What drives on four wheels and is good for the planet and for your wallet? If you’re in the market for a new car, the answer could be an electric vehicle (EV). We’re going to break down what makes an EV different from a traditional gas-powered car, and we’ll also cover how an EV purchase today could help you save money, both on the overall cost of your vehicle and in fuel and maintenance savings for the future.
Electric Vehicles 101
Compared to traditional vehicles, which work by burning gasoline or diesel fuel, EVs are powered by electricity stored in a rechargeable battery. This means they have fewer moving parts and fluids than gas-powered vehicles (no more oil changes or trips to the gas station, woohoo!). But it does mean you’ll need somewhere to charge your vehicle. At home, a standard 110V outlet in a garage or driveway will do the trick, or you can consider having an electrician install a 220V outlet for significantly faster charging. In addition, more people can charge at the growing network of public charging stations — more than 50,000 locations are available today. Incentives to help you offset the cost of these charging upgrades are available to some through President Biden’s Investing in America initiatives, and you can learn more about those incentives at www.energy.gov/save.
Better for the Planet
Electric cars produce zero tailpipe emissions, meaning that they don’t contribute to air pollution the same way gas-powered vehicles do. They also are very energy efficient and can travel four times as far as a traditional car given the same amount of energy.
The overall climate benefit of electric cars improves based on the source of electricity used to charge them, with clean energy sources like solar or wind, powering the greatest savings. In 2022, over 40% of the nation’s electricity came from clean sources. Even considering the manufacturing of the vehicle itself, and even for people whose electricity doesn’t yet rely on clean sources of power, an electric car today emits the least emissions compared to all vehicle technologies. These climate benefits will grow as the share of clean electricity is projected to exceed 80% by 2030 because of the investments enabled by the Inflation Reduction Act and Bipartisan Infrastructure Law. Opting to drive an EV is a great option for drivers looking to reduce their carbon footprint throughout the country and cut back on pollution in their community.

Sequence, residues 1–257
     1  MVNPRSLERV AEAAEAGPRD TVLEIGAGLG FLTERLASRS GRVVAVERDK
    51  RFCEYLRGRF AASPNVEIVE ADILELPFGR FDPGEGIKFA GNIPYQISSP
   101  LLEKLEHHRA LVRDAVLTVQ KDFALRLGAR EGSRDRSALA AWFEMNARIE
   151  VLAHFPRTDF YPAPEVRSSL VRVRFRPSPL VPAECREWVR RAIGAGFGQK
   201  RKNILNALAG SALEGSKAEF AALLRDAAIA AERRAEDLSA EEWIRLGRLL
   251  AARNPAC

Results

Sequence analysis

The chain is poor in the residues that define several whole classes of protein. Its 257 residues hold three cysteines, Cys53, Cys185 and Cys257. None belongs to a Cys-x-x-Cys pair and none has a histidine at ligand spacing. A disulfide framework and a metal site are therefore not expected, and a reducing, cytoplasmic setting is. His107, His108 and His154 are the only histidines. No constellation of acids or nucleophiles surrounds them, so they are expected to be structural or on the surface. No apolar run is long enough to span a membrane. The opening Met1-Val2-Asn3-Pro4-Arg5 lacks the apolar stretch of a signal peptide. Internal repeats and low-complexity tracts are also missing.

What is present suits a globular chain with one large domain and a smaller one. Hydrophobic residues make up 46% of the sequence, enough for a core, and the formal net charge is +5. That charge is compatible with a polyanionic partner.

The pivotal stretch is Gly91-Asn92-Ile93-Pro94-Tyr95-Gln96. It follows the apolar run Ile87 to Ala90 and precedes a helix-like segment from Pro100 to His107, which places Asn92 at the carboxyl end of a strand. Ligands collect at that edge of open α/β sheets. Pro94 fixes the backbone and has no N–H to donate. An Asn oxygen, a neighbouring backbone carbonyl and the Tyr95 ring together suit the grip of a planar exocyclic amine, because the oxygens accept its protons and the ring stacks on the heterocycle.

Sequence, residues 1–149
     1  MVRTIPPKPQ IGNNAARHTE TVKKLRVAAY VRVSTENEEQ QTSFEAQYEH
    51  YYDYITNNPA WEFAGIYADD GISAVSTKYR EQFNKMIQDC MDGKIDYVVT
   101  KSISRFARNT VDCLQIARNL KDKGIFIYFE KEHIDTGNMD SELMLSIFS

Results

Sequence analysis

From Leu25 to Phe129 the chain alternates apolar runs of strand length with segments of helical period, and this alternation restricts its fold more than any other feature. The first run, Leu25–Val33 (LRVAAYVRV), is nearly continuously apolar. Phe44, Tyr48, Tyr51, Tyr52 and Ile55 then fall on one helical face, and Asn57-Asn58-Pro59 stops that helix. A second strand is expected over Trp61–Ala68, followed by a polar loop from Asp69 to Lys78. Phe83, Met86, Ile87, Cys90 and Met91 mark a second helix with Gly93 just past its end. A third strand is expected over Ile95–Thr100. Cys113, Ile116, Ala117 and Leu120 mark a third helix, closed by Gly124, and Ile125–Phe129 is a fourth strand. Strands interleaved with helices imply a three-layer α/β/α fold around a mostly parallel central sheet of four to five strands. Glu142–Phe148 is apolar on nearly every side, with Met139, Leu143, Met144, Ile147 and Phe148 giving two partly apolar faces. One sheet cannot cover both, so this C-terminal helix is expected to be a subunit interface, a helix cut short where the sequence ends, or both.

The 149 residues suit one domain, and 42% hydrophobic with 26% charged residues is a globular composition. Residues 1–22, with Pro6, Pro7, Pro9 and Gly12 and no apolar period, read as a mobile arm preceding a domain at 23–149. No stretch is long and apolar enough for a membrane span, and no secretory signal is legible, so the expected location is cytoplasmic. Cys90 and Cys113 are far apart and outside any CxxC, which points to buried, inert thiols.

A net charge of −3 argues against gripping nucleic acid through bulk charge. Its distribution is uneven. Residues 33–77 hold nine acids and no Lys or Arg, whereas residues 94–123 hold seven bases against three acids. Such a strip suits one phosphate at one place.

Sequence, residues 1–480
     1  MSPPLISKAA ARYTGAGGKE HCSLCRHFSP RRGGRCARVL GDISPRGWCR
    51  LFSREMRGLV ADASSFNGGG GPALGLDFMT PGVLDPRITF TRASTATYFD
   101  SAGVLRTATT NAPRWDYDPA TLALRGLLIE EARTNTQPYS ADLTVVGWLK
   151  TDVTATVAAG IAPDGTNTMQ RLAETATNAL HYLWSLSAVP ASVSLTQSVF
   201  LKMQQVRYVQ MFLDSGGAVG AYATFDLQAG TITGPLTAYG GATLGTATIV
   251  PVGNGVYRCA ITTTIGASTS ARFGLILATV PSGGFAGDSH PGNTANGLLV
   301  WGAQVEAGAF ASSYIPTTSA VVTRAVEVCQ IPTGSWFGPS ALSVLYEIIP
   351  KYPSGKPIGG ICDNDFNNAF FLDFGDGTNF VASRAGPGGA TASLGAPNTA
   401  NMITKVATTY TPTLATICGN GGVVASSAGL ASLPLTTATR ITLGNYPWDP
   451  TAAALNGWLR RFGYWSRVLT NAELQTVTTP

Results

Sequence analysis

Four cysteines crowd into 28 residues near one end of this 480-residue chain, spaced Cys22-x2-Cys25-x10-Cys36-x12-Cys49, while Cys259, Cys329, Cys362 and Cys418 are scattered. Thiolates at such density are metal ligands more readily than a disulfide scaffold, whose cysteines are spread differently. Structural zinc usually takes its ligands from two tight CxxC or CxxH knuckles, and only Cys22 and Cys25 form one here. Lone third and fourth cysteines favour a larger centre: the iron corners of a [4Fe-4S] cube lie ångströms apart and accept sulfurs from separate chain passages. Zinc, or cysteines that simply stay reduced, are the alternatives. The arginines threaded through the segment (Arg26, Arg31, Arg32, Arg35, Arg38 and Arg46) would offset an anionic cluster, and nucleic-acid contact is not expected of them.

Better for Your Wallet
Interested in saving money at the pump? Get rid of the pump! By charging your EV at home instead of filling up on gasoline, you could save $800 to $1,000 annually. And for those who charge up away from home, the financial savings are typically less, but some vehicle and charging companies offer attractive discounts or even opportunities for free charging. Additionally, battery EVs are about 40% less costly to maintain, with less money needed to replace parts and for tune-ups. These benefits make EVs a great long-term investment, saving you thousands of dollars over the years.
And that’s not all: Thanks to President Biden’s Investing in America agenda, you may be eligible for a $7,500 tax credit on the purchase of a qualified NEW clean vehicle, or up to a $4,000 tax credit on the purchase of a qualified USED clean vehicle. As mentioned above, credits also exist for purchases or upgrades for your home charger/outlet to facilitate faster charging.
Learn more about accessing these incentives at www.energy.gov/save >>>
Our Investment in America
On top of making EVs more affordable for drivers, the Department of Energy and the Department of Transportation are working together to making EV ownership more practical and more accessible by building a nationwide EV charging network across all 50 states, the District of Columbia, and Puerto Rico. This venture is prioritizing rural and urban communities that have been previously underserved by EV charging infrastructure.
and see how this collaboration is working to make clean vehicles an accessible option for all Americans.
And see the moment Secretary Granholm announced this nationwide EV charging plan on the Late Show with Stephen Colbert: